Monday, May 6, 2013

Plato's tripartite analysis of the soul

To: Harri K.
From: Geoffrey Klempner
Subject: Plato's tripartite analysis of the soul
Date: 13th January 2010 13:05

Dear Harri,

Thank you for your email of 5 January, with your first essay towards the University of London BA in Philosophy. The essay is for the Plato and the Presocratics module, in response to the question, 'Assess the principles that Plato uses to divide the soul in the Republic.'

This is a very good essay. You show a good grasp of the material, and succeed in making telling points about the basis for Plato's tripartite theory of the soul.

It is tempting, in answer to this question, to resort to a detailed exposition of Plato's ideal republic, with its three classes of citizens, following this up with analogy with the rational, spirited and appetitive parts of the soul. However, the question (as I think you have at least partly seen) isn't so much about the details of Plato's theory as about the 'principles' on the basis of which he makes the division.

Alongside the question of the principles underlying the tripartite theory is the question about what Plato really intends by making the distinction: are we talking about identifiable aspects of the soul, or autonomous subjects, or something else?

As you argue, there are two main routes to the tripartite theory: the analogy with the ideal republic and the analysis of psychological conflict.

With regard to the analogy, you make a valid point in observing that there is a potentially fatal circularity in identifying the three classes by the part of the soul which is dominant in each case. However, in defence of Plato, one would point out that the fundamental principle which Plato appeals to concerns the proper function of the city/ state, and the structure required to realize or achieve that function. So Plato could argue that it is a kind of 'discovery' that each of the three classes has the kind of soul suitable for a member of that class.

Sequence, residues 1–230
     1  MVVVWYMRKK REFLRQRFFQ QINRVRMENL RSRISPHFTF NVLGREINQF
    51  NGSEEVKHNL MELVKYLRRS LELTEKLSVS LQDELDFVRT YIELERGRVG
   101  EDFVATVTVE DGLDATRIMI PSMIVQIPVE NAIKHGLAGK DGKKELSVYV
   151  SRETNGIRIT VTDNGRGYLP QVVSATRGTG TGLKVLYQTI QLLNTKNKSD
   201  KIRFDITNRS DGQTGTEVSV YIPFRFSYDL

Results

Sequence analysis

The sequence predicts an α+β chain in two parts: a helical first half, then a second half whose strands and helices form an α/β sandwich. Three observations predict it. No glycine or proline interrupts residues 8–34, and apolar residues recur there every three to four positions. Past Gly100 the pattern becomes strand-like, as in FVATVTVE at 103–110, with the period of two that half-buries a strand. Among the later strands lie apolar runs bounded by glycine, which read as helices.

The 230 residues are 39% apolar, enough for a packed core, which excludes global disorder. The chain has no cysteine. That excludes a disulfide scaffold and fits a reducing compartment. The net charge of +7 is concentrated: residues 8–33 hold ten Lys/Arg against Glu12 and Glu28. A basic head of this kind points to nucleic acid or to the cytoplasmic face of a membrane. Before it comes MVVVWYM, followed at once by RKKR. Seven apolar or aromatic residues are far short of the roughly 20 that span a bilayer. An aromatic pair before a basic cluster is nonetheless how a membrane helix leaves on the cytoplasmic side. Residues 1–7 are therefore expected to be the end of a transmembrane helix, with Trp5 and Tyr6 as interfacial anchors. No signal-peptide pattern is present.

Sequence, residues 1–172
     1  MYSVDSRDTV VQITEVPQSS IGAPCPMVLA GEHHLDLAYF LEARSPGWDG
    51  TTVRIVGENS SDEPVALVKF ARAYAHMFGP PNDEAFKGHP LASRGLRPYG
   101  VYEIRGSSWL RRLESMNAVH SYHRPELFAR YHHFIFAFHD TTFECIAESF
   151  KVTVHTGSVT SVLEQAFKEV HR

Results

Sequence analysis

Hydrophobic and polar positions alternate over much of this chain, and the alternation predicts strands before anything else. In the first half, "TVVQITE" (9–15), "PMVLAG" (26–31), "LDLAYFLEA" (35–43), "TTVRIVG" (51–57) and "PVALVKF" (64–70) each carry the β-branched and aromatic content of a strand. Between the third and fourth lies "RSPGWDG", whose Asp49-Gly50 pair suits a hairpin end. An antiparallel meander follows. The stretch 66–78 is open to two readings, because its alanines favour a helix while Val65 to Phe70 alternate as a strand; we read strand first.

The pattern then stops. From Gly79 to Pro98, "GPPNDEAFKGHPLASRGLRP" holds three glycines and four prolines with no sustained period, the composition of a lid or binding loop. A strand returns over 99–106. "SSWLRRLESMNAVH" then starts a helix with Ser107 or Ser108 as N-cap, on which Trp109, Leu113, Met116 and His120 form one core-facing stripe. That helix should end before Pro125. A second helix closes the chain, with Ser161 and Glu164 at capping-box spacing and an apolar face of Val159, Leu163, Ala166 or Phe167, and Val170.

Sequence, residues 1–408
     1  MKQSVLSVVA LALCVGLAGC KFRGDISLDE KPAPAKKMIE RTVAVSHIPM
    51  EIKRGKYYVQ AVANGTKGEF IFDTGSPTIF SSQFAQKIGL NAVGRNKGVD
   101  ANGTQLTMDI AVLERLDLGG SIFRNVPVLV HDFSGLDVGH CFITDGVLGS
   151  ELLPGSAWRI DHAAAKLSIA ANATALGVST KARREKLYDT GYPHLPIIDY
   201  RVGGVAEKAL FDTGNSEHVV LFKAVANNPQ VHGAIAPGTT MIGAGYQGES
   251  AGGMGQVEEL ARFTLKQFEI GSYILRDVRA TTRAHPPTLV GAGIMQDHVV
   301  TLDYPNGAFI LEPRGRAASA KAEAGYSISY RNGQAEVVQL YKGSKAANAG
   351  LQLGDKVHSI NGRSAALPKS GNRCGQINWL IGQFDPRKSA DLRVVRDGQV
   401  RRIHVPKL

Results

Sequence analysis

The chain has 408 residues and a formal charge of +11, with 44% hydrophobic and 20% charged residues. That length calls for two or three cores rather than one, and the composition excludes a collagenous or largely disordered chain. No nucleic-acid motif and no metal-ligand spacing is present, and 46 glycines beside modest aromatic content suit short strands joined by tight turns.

At this point, as with the argument from conflict (which we will look at in a moment) one can legitimately ask, Why three? Why not two, or four? Plato's answer would be that this is the 'best', i.e. most explanatory, illuminating account of how a state ought to be structured and organized. The reader can disagree, but then one has to come up with a better alternative. But, remember, we are not in the business of assessing the details of the tripartite theory, only the principles underlying the division.

The next question would therefore be, How strong is the analogy between the city and the soul? Here, there is a point to make about the idea of functional analysis, whereby the city as an entity which persists over time and pursues a purpose (the well being of its citizens) shares at some abstract level the same function as the soul.

With regard to the argument from the analysis of psychological conflict, there does seem to be an initial intuitive appeal to the idea that the self or soul has three basic parts. I refuse a drink because of doctor's orders (rational over appetitive); I'm too angry to enjoy the concert (spirited over appetitive); I'm too lazy to fill in the tax-form which was due today (spirited over rational). And so on.

Your proposal of a possible fourth part, the 'caring', with its corresponding class of citizens in the ideal state, the carers (mothers etc.) represents a significant challenge. How would Plato respond? Caring is clearly not analysable as a form of rationality or as a merely appetitive impulse. Examples of spirit such as anger, enthusiasm, etc. are in a sense reflexive. Whereas care is a spirited feeling for another person, as indeed is love: a topic which Plato has much to say about in Symposium. That's where the answer to your question is to be found.

But why stop there? If I have a desire to eat something savoury which conflicts with my desire to eat something sweet, why isn't that a basis for distinguishing parts of the appetitive part of my soul? Plato's answer would be that there is no real conflict here, because the bottom line is a sheer calculation about pleasure. I may be too confused to calculate (because I am in the happy position of being able to choose from a multitude of possible pleasures) but confusion isn't the same as conflict. Either savoury will please me more at this precise moment in time, or sweet.

In a similar way, one can account for apparent conflicts in the rational part. E.g. I am 'in two minds' with regard to my view about Plato's tripartite theory. That's confusion or ignorance, rather than conflict. From this point of view, the spirited part seems somewhat the 'odd man out'. Spirit is more akin to a force which can have complex components. However these components combine the result will be an impetus in a particular direction, even at the 'limiting case' where two strongly conflicting feelings or emotions result in paralysis.

Plato does seem to be onto something. The problem is that the model he is using seems too simplistic. But, then, how literally did he intend it to be taken? Accepting that there are good reasons to identify three fundamental kinds of 'reasons for action' (to use contemporary terminology), why is it necessary to posit three 'agents' within a single person? But, then again, is that what he really intended? How much is metaphor, and how much is intended to be taken literally, at face value?

All the best,

Geoffrey